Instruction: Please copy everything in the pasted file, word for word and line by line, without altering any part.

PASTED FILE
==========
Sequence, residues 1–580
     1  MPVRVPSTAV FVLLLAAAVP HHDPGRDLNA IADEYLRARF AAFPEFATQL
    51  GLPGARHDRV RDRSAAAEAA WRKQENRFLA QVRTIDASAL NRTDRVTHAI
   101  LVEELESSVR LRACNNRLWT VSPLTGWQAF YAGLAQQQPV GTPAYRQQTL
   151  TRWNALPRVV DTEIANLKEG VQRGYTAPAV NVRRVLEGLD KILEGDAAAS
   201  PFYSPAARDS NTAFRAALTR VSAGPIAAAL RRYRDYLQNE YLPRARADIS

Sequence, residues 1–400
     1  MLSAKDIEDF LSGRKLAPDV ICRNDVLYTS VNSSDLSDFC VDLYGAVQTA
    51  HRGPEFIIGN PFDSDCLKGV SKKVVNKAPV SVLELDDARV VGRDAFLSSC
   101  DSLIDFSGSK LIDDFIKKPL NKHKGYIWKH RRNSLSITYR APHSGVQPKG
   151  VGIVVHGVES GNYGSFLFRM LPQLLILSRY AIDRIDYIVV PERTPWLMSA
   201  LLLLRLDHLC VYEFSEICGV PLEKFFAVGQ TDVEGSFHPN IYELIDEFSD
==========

Sequence, residues 1–580
     1  MPVRVPSTAV FVLLLAAAVP HHDPGRDLNA IADEYLRARF AAFPEFATQL
    51  GLPGARHDRV RDRSAAAEAA WRKQENRFLA QVRTIDASAL NRTDRVTHAI
   101  LVEELESSVR LRACNNRLWT VSPLTGWQAF YAGLAQQQPV GTPAYRQQTL
   151  TRWNALPRVV DTEIANLKEG VQRGYTAPAV NVRRVLEGLD KILEGDAAAS
   201  PFYSPAARDS NTAFRAALTR VSAGPIAAAL RRYRDYLQNE YLPRARADIS

Sequence, residues 1–400
     1  MLSAKDIEDF LSGRKLAPDV ICRNDVLYTS VNSSDLSDFC VDLYGAVQTA
    51  HRGPEFIIGN PFDSDCLKGV SKKVVNKAPV SVLELDDARV VGRDAFLSSC
   101  DSLIDFSGSK LIDDFIKKPL NKHKGYIWKH RRNSLSITYR APHSGVQPKG
   151  VGIVVHGVES GNYGSFLFRM LPQLLILSRY AIDRIDYIVV PERTPWLMSA
   201  LLLLRLDHLC VYEFSEICGV PLEKFFAVGQ TDVEGSFHPN IYELIDEFSD